Cost of Treatment in Metastatic Breast Cancer Increasing Significantly with End-of-Life Hospitalizations
Tampa, FL—Patients with HER2-positive metastatic breast cancer consume 2.5 times more financial resources in their last 6 months of life, according to study results presented at the 2014 Academy of Managed Care Pharmacy meeting. The study focused on real world healthcare resource utilization and costs of patients with HER2- positive metastatic breast cancer who received trastuzumab (Herceptin) near the end of life.
This retrospective, observational review gathered claims data from the IMS LifeLink Health Plan Claims Database between January 1, 2002, and June 30, 2012. Patients were excluded if they received lapatinib (Tykerb) for first- or second-line therapy. (IMS LifeLink is a comprehensive database of integrated medical and pharmacy claims from more than 79 US health plans, for approximately 87 million deidentified lives.)
The study included 2 cohorts—patients who were alive at the end of the 6-month follow-up (N = 670) and those who were not (N = 196).
The costs were based on the allowed amount on the claims (adjusted for inflation to 2012 US dollars). The mean 6-month total healthcare cost was 2.54 times higher in patients who died than in patients who were still alive—$69,426 versus $26,857, respectively (95% confidence interval, 2.06-3.13; P ‹.001). The costs were significantly higher for those who died during the 6-month follow-up in each care component measured, including hospital inpatient, hospice, emergency department, physician office, other outpatient, home health/durable medical equipment, and pharmacy.
In the cohort of patients who died, there was a 20-fold increase in inpatient costs and a 14-fold increase in hospice costs between the sixth and first months before the end of life.
“The main driver of higher costs during those 2 last months is hospitalization,” lead investigator of the study Thomas J. Bramley, RPh, PhD, Senior Vice President, Scientific Consulting, Xcenda, told Value-Based Cancer Care.
In the cohort of patients who were still alive at 6 months, the monthly costs were similar throughout the study. The researchers cautioned that results cannot be generalized to patients who were not commercially insured or who had HER2-negative breast cancer.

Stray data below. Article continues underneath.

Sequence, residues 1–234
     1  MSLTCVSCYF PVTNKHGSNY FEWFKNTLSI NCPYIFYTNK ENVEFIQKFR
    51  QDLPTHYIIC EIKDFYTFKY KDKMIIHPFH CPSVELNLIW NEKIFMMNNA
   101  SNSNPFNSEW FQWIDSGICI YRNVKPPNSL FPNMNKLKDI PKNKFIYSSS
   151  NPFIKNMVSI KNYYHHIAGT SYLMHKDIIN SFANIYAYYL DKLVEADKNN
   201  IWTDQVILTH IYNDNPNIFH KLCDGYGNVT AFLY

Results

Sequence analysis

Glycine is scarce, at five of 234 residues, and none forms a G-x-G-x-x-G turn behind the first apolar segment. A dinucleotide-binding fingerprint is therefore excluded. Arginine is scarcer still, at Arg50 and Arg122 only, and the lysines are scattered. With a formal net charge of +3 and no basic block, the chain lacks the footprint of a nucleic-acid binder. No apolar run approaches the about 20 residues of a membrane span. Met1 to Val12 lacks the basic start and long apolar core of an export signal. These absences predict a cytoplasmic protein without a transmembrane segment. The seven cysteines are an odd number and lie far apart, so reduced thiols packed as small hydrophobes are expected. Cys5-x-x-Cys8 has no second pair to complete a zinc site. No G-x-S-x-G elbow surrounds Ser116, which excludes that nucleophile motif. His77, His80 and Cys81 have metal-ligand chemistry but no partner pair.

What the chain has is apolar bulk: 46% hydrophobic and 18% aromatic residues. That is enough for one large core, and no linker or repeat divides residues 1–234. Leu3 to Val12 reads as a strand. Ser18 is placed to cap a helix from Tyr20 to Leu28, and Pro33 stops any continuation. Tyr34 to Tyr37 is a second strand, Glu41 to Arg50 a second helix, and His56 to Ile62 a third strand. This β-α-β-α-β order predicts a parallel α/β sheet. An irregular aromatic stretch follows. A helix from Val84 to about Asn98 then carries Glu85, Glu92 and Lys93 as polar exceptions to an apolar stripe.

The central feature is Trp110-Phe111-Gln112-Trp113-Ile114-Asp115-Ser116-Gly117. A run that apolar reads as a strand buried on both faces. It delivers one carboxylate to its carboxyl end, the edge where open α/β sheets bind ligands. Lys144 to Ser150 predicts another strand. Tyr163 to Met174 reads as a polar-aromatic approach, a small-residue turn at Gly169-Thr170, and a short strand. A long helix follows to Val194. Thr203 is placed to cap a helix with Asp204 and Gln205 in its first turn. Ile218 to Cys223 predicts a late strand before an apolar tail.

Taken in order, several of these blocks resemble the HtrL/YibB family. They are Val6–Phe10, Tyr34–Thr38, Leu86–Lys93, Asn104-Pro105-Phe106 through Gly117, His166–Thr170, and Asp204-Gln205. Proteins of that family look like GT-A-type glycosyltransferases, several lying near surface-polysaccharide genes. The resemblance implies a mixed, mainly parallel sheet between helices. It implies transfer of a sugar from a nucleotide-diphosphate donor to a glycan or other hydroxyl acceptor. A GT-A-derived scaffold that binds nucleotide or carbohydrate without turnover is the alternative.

Amy P. Abernethy, MD, PhD, Palliative Medical Specialist, Director, Duke Cancer Care Research Program, who was not involved with the study, said that the finding that healthcare, especially inpatient care and hospice costs, is more expensive in the last 6 months of life is consistent with other studies and what is expected.
As people get sicker, they need more healthcare, including treatments for cancer and hospitalizations, Dr Abernethy told Value-Based Cancer Care. Hospice care, which helps keep people out of hospitals, increased in the last 6 months, potentially lowering some of the inpatient costs. She pointed out that the study did not provide information on whether the treatments that were provided made “good sense.”
“Part of the problem is that it is really hard to figure out who is going to die and who needs a shift to a hospice focus and when. We can’t say whether or not there is any signal [in this study] that these women should not have been getting therapy, because we don’t actually have a sense of how sick they were at the time of treatment,” Dr Abernethy pointed out. “The number one take-home message is that we have to get better at figuring out where people are on the curve of prognosis, so that we can help them make good decisions.”